Hi, it’s Patrik Hutzel from intensivecarehotline.com with another quick tip for families in intensive care.
So yesterday I was talking to a client who has their 61-year old mother in intensive care with COVID and their mother has been on the breathing tube for two weeks and she’s also in regular prone position.
Now, when patients have COVID, they’re going to lung failure, also known as ARDS and one of the therapy options for COVID-19 and lung failure is prone position. Basically what happens is a patient gets turned on their tummy and head down, to drain some of the fluids on the lungs, just through gravity.
So their mother is also heavily sedated and paralyzed because of the prone position, because it’s very uncomfortable, but it also can be very effective.
Their mother is on a high PEEP, she’s on 85% of oxygen and the intensive care team is basically telling the family that the best option for their mother would be to stop treatment and let nature take its course.
They’re saying they can’t do a tracheostomy simply because PEEP requirements are too high and oxygen requirements are too, and whilst I agree with that because PEEP is 15 and oxygen requirements is 80% at this particular point in time. Whilst I agree with all of that giving up is not really an option.
Hospitals are under high pressure during COVID. ICUs are on the enormous pressure and of course, one way for the intensive care units to manage their beds is by simply letting patients die, to make room for other critically ill patients that need an ICU bed especially now during the peak of the COVID pandemic situation.
So giving up is never an option you can’t give in. Also, withdrawal of treatment decisions cannot be made unilaterally, meaning you as a family, as a medical power of attorney, as the next of kin, you need to give consent.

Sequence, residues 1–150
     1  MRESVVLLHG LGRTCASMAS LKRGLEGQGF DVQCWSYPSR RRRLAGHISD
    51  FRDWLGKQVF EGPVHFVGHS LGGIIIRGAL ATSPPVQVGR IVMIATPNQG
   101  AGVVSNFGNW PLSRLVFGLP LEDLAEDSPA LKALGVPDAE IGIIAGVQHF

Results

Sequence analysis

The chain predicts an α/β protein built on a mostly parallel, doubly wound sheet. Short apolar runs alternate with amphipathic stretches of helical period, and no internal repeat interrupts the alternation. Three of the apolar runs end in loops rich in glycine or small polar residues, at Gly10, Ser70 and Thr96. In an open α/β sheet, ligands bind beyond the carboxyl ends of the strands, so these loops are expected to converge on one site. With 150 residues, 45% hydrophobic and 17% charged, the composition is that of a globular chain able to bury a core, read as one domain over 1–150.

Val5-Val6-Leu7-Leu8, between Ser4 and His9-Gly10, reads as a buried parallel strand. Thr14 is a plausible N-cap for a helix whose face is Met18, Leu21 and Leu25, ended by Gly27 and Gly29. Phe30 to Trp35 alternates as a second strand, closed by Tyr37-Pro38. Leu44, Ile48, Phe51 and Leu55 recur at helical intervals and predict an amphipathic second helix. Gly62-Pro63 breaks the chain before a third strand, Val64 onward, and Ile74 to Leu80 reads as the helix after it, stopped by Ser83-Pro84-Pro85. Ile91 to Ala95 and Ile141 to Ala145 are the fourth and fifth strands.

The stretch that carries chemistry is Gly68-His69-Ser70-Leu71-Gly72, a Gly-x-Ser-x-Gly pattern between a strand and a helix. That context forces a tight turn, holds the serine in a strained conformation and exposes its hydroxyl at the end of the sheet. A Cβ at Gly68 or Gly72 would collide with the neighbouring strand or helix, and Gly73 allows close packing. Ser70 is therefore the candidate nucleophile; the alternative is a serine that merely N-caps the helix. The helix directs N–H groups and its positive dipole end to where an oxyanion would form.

Don’t let anybody else tell you any differently. You have rights and you need to exercise them. So do not give up no matter how grim the situation looks. Often what happens when treatment is withdrawn, sedatives are being administered, death is hastened and that is euthanasia and euthanasia is simply illegal.
Now ICUs are not going to tell you that, that euthanasia is illegal, but unfortunately it’s common practice in ICU. And the bottom line is, that you’d be potentially signing up for euthanasia and euthanizing your loved one, rather than sit and wait and see whether they could turn around from the treatment they’re getting.
So that is my tip for today. We hope that we could find that the oxygen requirements and the PEEP requirements come down for our client, then they can opt for a tracheostomy rather than end of life and a tracheostomy can hopefully then give the clients enough time to be weaned off the ventilator in their own time.
That’s my tip for today. Do not give up hope and contact us if you have a family member in intensive care, if you need help, you can call me on one of the numbers on the top of the website, intensivecarehotline.com.
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This is Patrik Hutzel from intensivecarehotline.com and I’ll talk to you in a few days.